Touring bikes can be as varied as the terrain they cover. Here we look at light and fast bikes for racking up decent distances in speed and comfort. So why go light? Well, with prudent packing you can cover bigger distances with less effort, enjoy getting up the hills as much as going down them, and indulge in the thrills of road riding and touring at the same time.
Although there’s nothing to stop you running your road steed with a saddlebag or seatpost-mounted rack (don’t forget to replace your carbon post for an aluminium one if you go for the latter), our bikes this month offer several advantages. These include rack mounts for more on-bike luggage, clearances for wider and more comfortable tyres, eyelets for fitting mudguards, slightly longer wheelbases for stable handling and a more upright, long-distance riding position. Our criteria for lightweight touring is riding with a load of 5-10kg, spread over two rear panniers.
At the cheaper end of the market, is Kona’s Jake. Costing £650, it features suitably robust but budget Shimano Sora and a strong cyclocross lineage.
The Jake is constructed from simple, tried and tested butted 7005 aluminium pipes, its clean lines underlined by the stylish simplicity of the decals. Aside from the odd chip resulting from off-road forays, the blue pearlescent finish proved hard-wearing and looks great. Differentiating it from a pure cyclocross bike, there are well-positioned eyelets for racks and mudguards and two bottle mounts – unlike the top-spec Major Jake. The head angle is a bit shallower
too, for a more stable ride. Clearance is also good because the chainstays have been pinched in, so there are no issues with fitting 35c rubber and there’s even just room for 40c Marathon XRs.
Attached by a reliable, non-integrated headset, the fork is a long-standing classic: the straight-bladed chromoly P2. It comes with plenty of muck clearance and eyelets on the dropouts for a mudguard.
On the Jake, we immediately felt at home with its reassuringly solid feel. Although it’s a touch slower in handling than the Van Nic, its stiff rear end and longer wheelbase ensures it can handle extra baggage, with no heel-pannier issues either. The Kona is a harsher ride over rougher terrain, but a set of wider tyres do much to smooth things over. There’s minor toe overlap with the tyres fitted but it was never an issue when riding – and fitting 30c touring slicks sorts it out.
Braking is good, and the extra set of top-mounted levers offer a comfortable position for cruising down your typical Sustrans cycleway. The downside is that you won’t be able to run a bar bag and they’re too narrow for steep descents. With its cyclocross credentials, the Jake is also great fun to hammer around in the woods, swallowing up double-track climbs and flicking round forest single-track without any worries.
There’s nothing outlandishly flashy on the Jake, but it’s all decent, reliable kit. The 9-speed Tiagra rear mech shifts well with the 8-speed set-up, and the 30/42/52 FSA Gossamer chainset, with its outboard bearings, proved plenty stiff. However, when mated to the 12-25t cassette the gear range is limiting over hilly terrain with baggage – a wider mountain bike cassette, even with its larger jumps between gears, would be better for many riders, particularly the less experienced. Shimano Sora levers fall nicely under the thumb on the hoods, but are impossible to reach when in the drops. Teamed with Avid’s popular Shorty cantilever brakes the stopping power is very good. Matching Easton EA30 components elsewhere complete the finishing kit, with a comfortable, WTB Rocket saddle to top it off.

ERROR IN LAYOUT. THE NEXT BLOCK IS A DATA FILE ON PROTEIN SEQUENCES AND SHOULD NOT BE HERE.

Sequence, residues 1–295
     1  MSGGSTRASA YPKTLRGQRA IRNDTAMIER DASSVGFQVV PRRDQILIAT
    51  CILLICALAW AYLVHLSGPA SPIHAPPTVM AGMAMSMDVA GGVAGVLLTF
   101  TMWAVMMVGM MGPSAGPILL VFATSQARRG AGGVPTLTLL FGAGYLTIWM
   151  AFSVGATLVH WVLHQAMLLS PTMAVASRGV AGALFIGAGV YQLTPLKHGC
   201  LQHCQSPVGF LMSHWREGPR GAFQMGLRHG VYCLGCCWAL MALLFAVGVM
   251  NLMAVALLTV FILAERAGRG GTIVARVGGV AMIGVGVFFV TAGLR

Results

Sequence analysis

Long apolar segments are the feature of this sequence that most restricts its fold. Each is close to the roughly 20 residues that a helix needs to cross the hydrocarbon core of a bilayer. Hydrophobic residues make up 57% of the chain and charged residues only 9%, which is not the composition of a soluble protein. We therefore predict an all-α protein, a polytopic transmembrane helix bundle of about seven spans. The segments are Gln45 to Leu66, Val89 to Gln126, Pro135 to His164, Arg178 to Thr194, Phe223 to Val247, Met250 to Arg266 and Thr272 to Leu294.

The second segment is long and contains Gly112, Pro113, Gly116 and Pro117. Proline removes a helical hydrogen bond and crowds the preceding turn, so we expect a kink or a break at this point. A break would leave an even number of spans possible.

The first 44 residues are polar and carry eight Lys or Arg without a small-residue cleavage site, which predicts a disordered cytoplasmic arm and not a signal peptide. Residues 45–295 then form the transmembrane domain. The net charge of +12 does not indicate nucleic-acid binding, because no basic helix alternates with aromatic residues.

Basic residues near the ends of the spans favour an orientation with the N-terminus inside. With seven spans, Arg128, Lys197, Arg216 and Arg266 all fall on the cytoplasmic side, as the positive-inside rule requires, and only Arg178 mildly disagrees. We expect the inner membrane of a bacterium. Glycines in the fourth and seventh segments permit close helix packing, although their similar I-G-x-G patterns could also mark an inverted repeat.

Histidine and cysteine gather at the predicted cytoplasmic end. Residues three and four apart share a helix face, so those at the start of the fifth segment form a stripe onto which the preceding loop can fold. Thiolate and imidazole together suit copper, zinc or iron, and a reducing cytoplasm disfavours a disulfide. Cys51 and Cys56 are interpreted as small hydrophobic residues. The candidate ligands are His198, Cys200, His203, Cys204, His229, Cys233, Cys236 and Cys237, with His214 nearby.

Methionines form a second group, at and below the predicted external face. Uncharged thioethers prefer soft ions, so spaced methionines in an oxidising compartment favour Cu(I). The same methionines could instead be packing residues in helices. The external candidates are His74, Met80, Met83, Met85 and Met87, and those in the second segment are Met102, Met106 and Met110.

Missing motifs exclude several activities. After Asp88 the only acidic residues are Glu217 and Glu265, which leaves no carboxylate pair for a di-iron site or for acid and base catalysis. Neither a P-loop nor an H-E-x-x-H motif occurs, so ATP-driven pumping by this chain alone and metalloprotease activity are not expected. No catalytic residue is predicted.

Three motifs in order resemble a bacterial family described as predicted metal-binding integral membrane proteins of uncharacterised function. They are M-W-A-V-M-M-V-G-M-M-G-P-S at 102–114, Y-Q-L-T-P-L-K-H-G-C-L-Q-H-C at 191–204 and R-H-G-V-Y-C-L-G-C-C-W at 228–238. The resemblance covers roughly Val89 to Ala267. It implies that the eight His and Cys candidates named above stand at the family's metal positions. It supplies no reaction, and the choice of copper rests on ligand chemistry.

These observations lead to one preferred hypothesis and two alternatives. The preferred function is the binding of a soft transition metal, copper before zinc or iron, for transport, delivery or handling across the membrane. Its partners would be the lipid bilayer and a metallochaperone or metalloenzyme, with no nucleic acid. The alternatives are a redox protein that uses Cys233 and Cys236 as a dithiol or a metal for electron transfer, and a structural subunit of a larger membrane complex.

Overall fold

The Jake uses a good value, no-nonsense Mtb Deore hub up front, and its road equivalent, Shimano Sora, at the back. While the Sora hub doesn’t feature the same mud-shedding seals as the Deore, the frame’s 130mm rear spacing (as opposed to 135mm for mountain bikes) means it’s easy to swap out the wheels for a pre-built set of lightweight, Sunday-best road hoops. Rims are Sun’s semi-deep MZ-14s, which are double-walled and eyeleted for strength. Butted DT spokes contribute to a solid build that stayed true throughout testing. Despite the knobbles of Maxxis’ Locust ‘cross tyres, they roll perfectly well on tarmac thanks to a ramped central tread, and can confidently handle canal paths too.
A capable do-it-all bike that’s a bit overgeared for touring
Ridgeback Horizon £500
Specialized Tricross Spt Triple £700
Planet-X Kaffenback £750
Setavento SLR Touring £775
Ridgeback Horizon £500 Designed for fast and light tours it has a solid, double-butted alloy frame, carbon fork and reliable Sora drivetrain. There are rack eyelets and mudguard clearance too. Ridgeback www.ridgeback.co.uk
Specialized Tricross Sport Triple £700 A lightweight alu frame teamed up with carbon forks, carbon seatpost and a few Zertz vibration-damping inserts for a comfortable ride. Front and rear eyelets, big tyre clearances and LX mechs give a good gear range. Great value. Specialized 020 8391 3500 www.specialized.com
Planet-X Kaffenback £750 Flat bar, chromoly all-rounder with generous clearances, Shimano 105 10-speed and Shimano R500 hoops. Loads of build options, including custom wheels. Planet-X Bikes 01302 638056 www.planet-x-bikes.com
Setavento SLR Touring £775 A great value, fully custom touring frame, 38mm tyre clearances, canti brakes, rack/mudguard eyelets and a titanium frame coupling option for £250. Setavento www.setavento.com
|Bottom Bracket Height (cm)||29|
|Standover Height (cm)||82|
|Top Tube (cm)||57|
|Seat Tube (cm)||2|
|Available Sizes||49 52 54 56 58 60 cm 62cm|
|Front Tyre||Locust CX|
|Front Tyre Size||700x35C|
|Rear Tyre||Locust CX|
|Rear Tyre Size||700x35C|
|Frame Material||7005 Aluminium|
|Front Wheel Weight||1530|
|Rear Wheel Weight||2145|